Real Genius has plenty of laughs and timeless, quote-worthy lines that fans are still repeating and smiling at all these decades later. It also has enough outrageous silliness and unique hi-tech pranks in it that will make you wish you went to a college like Pacific Tech and were best friends with Chris Knight.
I’ve found myself revisiting it over and over again since first seeing it on opening weekend at the theater in ’85. And it never fails to entertain me.
Kilmer is the face of the film. He was featured on that memorable poster, has the showiest role and not just steals every scene he’s in, it’s more like they’re handed to him. He’s given funny, witty lines, wears colorful, funky wardrobe and he hits it out of the park everytime he’s onscreen. He’s consistently funny throughout.
He plays a character who all teens wish they could be. He’s charming, confident, smart, always has a funny line at the ready, but never comes off smug. A lot of times similar characters can have an arrogance about them by the way the actor plays it, but Kilmer makes Chris Knight someone adolescents will aspire to be. Or at least want to be his friend and hang out with him.
I’m envious of all Kilmer’s cool t-shirts he wears. Those old enough to remember, there was a time when there would be t-shirt stores in the mall where you could buy all those kitschy shirts with goofy stuff printed on them. Like those shirts with a tuxedo on it. I imagine that’s where Chris Knight scored his ‘Roy Rogers’, ‘International Order of Gorillas’, ‘Surf Nicaragua’, ‘The Monkees’ and of course the famed ‘I Love Toxic Waste’ duds.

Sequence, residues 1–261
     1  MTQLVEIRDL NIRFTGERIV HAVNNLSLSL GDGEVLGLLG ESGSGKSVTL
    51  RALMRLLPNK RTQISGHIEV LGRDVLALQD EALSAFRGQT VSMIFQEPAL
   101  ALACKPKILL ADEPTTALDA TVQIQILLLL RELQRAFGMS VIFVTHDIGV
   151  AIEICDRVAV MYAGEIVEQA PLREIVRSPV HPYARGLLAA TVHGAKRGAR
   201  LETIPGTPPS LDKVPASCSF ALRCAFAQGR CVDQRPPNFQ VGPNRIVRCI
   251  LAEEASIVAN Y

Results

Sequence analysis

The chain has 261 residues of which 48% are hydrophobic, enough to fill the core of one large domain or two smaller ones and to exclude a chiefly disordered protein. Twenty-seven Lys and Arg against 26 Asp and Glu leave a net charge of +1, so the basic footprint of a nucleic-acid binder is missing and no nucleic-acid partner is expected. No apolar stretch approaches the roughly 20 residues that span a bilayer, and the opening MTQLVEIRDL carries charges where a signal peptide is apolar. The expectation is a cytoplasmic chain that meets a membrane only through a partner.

Fortunately, Real Genius fans who want to emulate the ‘Chris Knight’ look have avenues to explore today. There are online stores that make reproductions of some of his classic t-shirts. His bunny slippers and Heckle and Jeckle slippers might be harder to find.
As in Top Secret, Kilmer shows how good he was at comedy in Real Genius. He’s likable, charismatic. I envision had the filmmakers casted a different actor in the part Real Genius would look very different. It might not work as well as it does thanks to Kilmer.
Top Secret and Real Genius were Kilmer’s two breakthrough roles. It’s too bad he didn’t do more comedies back then. I guess goofy characters like Chris Knight might’ve seemed too lightweight and he wanted to move onto some heavier parts. They might not have been too deep, but he’s a real kick to watch in them.